DVDanger: Don't Knock Twice
Home release horror, plus J-horror streaming news and more
By Richard Whittaker,
4:05PM, Sun. Jul. 9, 2017
Quick note: Do not confuse improv dramedy Don’t Think Twice with supernatural shocker Don't Knock Twice. That said, the indie horror's gorgeous, flame-wrapped credit sequence makes it clear that, rather than eliciting laughs, it takes an established horror trope and throws it into a cold-flamed inferno.
Fresh off well-received horrors I Am the Pretty Thing That Lives in the House and The Blackcoat's Daughter, Lucy Boynton (better known for Sing Street to the arthouse crowd) plays Chloe, a grumpy teen who wants nothing to do with her recovering addict mother Jess (Katee Sackhoff, Battlestar Galactica). Her hand is forced when she does what any dumb, sullen teen does, and invokes the wrath of a neighborhood ghost. Seeking refuge from the vengeful spirit, she heads to the English countryside, where her artist mother and her banker boyfriend attempt to make the prodigal daughter feel at home. It's not easy, as all they see is a petulant child who throws bowls of carrot and coriander soup onto the floor. But then, they don't see what Chloe sees in the bowl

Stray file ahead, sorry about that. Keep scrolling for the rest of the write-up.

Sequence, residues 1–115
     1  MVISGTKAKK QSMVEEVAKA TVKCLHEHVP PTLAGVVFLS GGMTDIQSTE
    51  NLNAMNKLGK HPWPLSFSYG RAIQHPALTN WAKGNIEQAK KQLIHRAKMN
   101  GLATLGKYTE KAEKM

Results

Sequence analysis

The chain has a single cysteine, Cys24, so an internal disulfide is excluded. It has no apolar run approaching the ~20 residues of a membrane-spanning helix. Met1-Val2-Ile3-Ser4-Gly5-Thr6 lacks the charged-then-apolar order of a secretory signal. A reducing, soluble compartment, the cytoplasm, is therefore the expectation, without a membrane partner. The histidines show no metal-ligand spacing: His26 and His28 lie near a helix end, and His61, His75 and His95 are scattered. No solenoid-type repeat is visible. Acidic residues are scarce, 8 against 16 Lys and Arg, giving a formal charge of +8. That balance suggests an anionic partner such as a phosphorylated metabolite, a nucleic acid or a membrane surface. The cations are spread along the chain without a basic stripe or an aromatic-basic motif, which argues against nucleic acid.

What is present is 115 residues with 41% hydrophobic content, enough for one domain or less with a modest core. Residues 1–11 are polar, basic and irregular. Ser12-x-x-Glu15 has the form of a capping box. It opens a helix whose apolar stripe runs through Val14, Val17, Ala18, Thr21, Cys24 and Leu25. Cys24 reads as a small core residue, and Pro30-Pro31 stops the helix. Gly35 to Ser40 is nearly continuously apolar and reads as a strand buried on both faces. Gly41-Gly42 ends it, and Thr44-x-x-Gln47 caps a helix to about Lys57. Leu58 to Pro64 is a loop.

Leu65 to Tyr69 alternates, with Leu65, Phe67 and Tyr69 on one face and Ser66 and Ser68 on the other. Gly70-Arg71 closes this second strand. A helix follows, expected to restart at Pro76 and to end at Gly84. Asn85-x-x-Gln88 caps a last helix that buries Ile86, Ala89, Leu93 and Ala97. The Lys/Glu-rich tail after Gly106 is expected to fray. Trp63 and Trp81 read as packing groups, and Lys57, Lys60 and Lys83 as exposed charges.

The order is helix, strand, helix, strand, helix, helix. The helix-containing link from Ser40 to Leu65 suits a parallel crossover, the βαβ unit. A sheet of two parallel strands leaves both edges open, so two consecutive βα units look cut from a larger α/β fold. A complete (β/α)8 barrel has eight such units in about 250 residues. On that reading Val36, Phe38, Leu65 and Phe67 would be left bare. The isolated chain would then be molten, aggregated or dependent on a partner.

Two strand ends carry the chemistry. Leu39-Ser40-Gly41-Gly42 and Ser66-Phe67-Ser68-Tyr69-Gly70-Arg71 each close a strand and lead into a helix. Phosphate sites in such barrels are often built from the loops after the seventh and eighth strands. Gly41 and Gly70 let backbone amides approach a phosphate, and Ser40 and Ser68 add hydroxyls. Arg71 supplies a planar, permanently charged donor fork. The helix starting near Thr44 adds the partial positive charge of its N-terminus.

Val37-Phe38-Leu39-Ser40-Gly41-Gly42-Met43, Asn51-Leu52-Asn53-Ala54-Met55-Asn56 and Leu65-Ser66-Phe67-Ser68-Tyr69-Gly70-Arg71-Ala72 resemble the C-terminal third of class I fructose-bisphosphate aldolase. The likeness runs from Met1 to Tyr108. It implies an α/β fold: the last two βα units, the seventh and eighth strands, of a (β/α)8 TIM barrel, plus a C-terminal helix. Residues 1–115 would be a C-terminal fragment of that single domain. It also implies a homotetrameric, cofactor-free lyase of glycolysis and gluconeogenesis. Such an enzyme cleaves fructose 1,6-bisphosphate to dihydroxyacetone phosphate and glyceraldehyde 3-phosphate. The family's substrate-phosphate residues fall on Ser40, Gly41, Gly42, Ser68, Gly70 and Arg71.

Director Caradog James (whose is currently adapting his 2013 sci-fi thriller The Machine for SyFy) is not reinventing any horror wheels, but that’s arguably because the ghost story is one that is made better by the flourishes and finishing, not by radical reinvention of the underpinning ideas. The script by British kids' TV veterans Mark Huckerby and Nick Ostler (best known, and not kidding here, for their Moomin and Thomas the Tank Engine reinventions) depends on the lean elegance of shadows and malice. They dispose of any doubt that the malevolent entity is real through a graphic first-act dispatching of Chloe’s boyfriend, which sparks her flight to the countryside. It’s then that they find a surprisingly delicate balance between the mother-daughter drama and the supernatural forces that threaten their lives.